T-2 Toxin. Like all of the above mycotoxins found in coffee, the T-2 toxin causes neuronal death. Not only does it destroy brain cells, it also causes alimentary toxic aleukia, which is a mycotoxin-induced condition characterized by diarrhea, hemorrhaging, leukopenia (susceptibility to devastating infection), nausea, skin inflammation, vomiting, and sometimes even death. In the 1940s, for example, thousands of USSR citizens within the Orenburg District (10% of the total population of that region) ingested T-2 infested grains and died after developing alimentary toxic aleukia. Since research has uncovered the T-2 toxin in coffee, this begs the question: “Are the addictive benefits of coffee worth the risk?”

Why Would There Be Mold in Coffee?

There are several reasons why mold is guaranteed to be in
most coffees on the market, but probably the most obvious reason is that coffee
crops are raised in tropical climates. Mold species vary by climate and the type
of food source available. The warmer and wetter the climate, the greater the
variety of mold type and mold growth. Because coffee crops are tropical, they are
exceedingly susceptible to mold growth and, subsequently, the disease-causing secondary
metabolites known as mycotoxins and aflatoxins.

Secondly, mold spores teem in the millions—if not billions—in
any given environment, which makes it next to impossible to ensure coffee beans—undergoing
the typical processes in the typical processing environments—will be mold-free.
This is especially an issue when coffee beans are spread out to dry in large open
areas where coffee mold spores are sure to land and take root among the beans.

Thirdly, those “typical processes” and those “typical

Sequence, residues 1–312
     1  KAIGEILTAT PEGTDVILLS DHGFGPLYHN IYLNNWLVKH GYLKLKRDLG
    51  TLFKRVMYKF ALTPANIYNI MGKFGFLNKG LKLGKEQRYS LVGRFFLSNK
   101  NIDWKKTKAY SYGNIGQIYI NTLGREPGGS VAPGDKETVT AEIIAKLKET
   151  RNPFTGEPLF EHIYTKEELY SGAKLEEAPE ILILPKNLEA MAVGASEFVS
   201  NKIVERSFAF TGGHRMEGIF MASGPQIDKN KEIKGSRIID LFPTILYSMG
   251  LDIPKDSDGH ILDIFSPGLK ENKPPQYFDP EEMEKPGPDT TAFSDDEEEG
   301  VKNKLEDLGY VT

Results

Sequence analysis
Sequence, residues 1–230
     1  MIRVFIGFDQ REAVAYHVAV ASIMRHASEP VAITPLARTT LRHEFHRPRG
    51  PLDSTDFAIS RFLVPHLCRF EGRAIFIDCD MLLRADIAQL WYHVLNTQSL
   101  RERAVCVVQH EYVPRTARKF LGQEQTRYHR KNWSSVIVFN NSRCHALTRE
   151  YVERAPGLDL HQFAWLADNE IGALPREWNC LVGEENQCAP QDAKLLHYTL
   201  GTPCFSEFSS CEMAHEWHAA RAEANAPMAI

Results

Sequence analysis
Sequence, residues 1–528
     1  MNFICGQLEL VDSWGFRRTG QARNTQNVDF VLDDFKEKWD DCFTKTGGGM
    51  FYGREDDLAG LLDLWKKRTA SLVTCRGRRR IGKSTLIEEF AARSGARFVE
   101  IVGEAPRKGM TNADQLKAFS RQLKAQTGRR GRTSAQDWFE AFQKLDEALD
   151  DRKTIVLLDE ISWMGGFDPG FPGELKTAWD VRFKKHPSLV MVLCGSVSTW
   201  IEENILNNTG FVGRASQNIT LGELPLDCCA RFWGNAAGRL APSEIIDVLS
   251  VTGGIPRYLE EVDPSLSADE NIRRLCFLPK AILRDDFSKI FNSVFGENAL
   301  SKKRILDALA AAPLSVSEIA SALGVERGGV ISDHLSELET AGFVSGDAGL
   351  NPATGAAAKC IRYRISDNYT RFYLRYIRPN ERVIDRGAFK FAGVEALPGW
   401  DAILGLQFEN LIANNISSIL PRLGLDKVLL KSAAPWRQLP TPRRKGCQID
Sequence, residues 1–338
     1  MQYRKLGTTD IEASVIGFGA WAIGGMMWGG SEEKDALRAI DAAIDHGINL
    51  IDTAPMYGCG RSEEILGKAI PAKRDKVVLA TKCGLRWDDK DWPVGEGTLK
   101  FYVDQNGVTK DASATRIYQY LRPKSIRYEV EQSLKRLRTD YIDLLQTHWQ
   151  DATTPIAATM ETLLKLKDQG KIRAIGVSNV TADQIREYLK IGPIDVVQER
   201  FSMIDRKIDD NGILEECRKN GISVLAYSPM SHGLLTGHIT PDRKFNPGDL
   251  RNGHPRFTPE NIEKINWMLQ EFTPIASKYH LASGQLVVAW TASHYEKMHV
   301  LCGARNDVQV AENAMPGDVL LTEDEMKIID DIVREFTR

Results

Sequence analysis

processing environments” make for a rather unavoidable cesspool of mold
proliferation.

Sadly, not many consumers are aware of the process by which coffee can—and usually does—harbor and proliferate the growth of mold. For instance, the main catalysts to mold growth and mycotoxin development in coffee bean production is the fermentation process, length of storage, and storage materials.

Fermentation

Once harvested, the ripe and even overripe coffee cherries
are pulped (crushed open) to reveal the inner coffee bean. Even after removing the
skin and pulp, the coffee beans are still tightly encased in their mucilage. The mucilage—a slimy sheath
that surrounds the coffee bean—is comprised of carbohydrates, simple sugars,
and protein—all of which significantly whet mold’s appetite.

The mucilage-removing fermentation process that the slippery
beans undergo involves cement tanks, water, and 16 to 36 hours of fermentation.
While fermenting the coffee beans may remove this unwanted slimy sheath that
would otherwise inspire mold growth, the water, warmth, and fermenting time
only encourages mold growth and mold maturation even more.

This is a common problem that coffee producers worldwide readily admit, but because the fermentation process greatly impacts the taste of the coffee, it is the main processing choice of nearly 100% of all specialty coffee producers.

Storage

Coffee is a crop like any other. Similar to grain and corn, coffee beans are harvested, processed, and stored for long periods of time in hot, damp conditions. In the United States alone, storage-induced toxic mold growth is a serious and chronic concern among agriculturists. Nuts, corn, grains, and coffee are all subjected to storing conditions that comfortably host and foster the development of mature molds. Even the shipment of coffee beans, whether by land, sky, or sea, poses a possible threat of mold growth since many shipping containers and trucks cannot combat heat and moisture adequately.

Storage Materials

When coffee beans are shipped from the producer to departments
of the brand company, they most commonly arrive in large burlap sacks. The
brand company then redistributes the coffee beans in their signature container—usually
plastic or laminated barrier film—and they are stored in trucks or shipping
containers as they make their way to stores across the country.

The problem with burlap sacks is that they are prone to
developing mold themselves. Burlap is made from the skin of the jute plant. Like
cardboard, jute fabric fibers are made of cellulose, which provide the most toxic molds all the nutrients they need to take root and grow.

If there are already coffee mold spores present, then the brand company’s plastic or laminated barrier film container only makes matters worse. The mold is kept out of direct light, shielded from severe temperature changes, and any and all moisture is locked in with the moldy coffee. It’s the perfect environment for growing even more mold.